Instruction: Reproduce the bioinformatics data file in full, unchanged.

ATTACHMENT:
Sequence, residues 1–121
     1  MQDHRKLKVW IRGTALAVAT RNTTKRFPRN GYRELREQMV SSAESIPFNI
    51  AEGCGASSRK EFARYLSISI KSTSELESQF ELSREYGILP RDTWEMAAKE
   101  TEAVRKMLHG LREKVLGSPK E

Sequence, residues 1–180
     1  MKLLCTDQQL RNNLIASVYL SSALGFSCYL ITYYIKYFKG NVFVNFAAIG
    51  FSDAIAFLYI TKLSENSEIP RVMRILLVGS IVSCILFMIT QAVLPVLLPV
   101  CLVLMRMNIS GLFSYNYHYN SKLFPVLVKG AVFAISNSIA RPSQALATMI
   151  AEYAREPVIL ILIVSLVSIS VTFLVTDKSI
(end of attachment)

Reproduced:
Sequence, residues 1–121
     1  MQDHRKLKVW IRGTALAVAT RNTTKRFPRN GYRELREQMV SSAESIPFNI
    51  AEGCGASSRK EFARYLSISI KSTSELESQF ELSREYGILP RDTWEMAAKE
   101  TEAVRKMLHG LREKVLGSPK E

Sequence, residues 1–180
     1  MKLLCTDQQL RNNLIASVYL SSALGFSCYL ITYYIKYFKG NVFVNFAAIG
    51  FSDAIAFLYI TKLSENSEIP RVMRILLVGS IVSCILFMIT QAVLPVLLPV
   101  CLVLMRMNIS GLFSYNYHYN SKLFPVLVKG AVFAISNSIA RPSQALATMI
   151  AEYAREPVIL ILIVSLVSIS VTFLVTDKSI